Whether the issue of fault will play a part in your alimony award depends solely upon the laws of your state.
Many people assume that a “no-fault” divorce also means that fault will not be a factor in deciding alimony however, this is not always the case. While some no-fault states do apply the “blameless” process to alimony proceedings in addition to the divorce itself, other no-fault states will in fact, consider misconduct when determining alimony, even if the divorce was based upon a mutual “no-fault” agreement between the spouses.
The same is true of states offering at-fault grounds. Some may consider misconduct during alimony decisions while others will not, regardless of the misconduct in question.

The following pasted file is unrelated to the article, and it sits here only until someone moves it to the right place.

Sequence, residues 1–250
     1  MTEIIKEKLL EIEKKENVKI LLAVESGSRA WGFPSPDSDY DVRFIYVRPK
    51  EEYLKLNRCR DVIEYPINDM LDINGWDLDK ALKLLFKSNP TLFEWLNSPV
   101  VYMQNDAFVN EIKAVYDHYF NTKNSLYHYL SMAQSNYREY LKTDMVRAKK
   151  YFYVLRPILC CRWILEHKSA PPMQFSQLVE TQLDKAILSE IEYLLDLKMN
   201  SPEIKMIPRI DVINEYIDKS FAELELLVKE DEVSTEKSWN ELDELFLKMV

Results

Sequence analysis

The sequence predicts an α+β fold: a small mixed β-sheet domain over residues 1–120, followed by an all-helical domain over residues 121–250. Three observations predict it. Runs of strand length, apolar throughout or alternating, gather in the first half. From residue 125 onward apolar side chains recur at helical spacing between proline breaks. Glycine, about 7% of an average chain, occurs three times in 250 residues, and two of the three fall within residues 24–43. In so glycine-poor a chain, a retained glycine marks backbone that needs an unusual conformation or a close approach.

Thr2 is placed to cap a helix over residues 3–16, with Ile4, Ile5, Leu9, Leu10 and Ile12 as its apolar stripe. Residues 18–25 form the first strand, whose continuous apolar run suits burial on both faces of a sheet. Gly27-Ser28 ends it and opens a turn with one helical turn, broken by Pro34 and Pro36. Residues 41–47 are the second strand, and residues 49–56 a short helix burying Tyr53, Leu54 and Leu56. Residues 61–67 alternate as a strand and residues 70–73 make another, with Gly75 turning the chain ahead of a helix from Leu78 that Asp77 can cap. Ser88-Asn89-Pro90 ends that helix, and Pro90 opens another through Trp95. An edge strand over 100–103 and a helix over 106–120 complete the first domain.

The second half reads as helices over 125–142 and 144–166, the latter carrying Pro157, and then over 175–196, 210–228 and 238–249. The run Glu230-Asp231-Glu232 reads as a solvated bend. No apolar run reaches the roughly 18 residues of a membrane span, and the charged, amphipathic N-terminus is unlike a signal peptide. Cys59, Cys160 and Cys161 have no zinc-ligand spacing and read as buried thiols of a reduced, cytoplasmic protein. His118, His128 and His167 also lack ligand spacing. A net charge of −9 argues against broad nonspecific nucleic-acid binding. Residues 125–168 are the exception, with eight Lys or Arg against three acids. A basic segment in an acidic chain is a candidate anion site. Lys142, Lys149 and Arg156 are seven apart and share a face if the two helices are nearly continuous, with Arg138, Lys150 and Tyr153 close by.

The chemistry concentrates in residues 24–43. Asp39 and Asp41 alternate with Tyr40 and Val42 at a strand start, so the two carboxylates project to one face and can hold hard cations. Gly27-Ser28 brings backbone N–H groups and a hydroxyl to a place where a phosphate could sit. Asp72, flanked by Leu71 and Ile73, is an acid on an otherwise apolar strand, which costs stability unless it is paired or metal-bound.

Typically, most states also rely on other factors as well, such as current incomes of the parties, the ability to sustain your current standard of living, future earning potential, current expenses such as college tuition for a full-time student or a mortgage payment and of course, any previous arrangements that may have been made in a pre-nuptial agreement.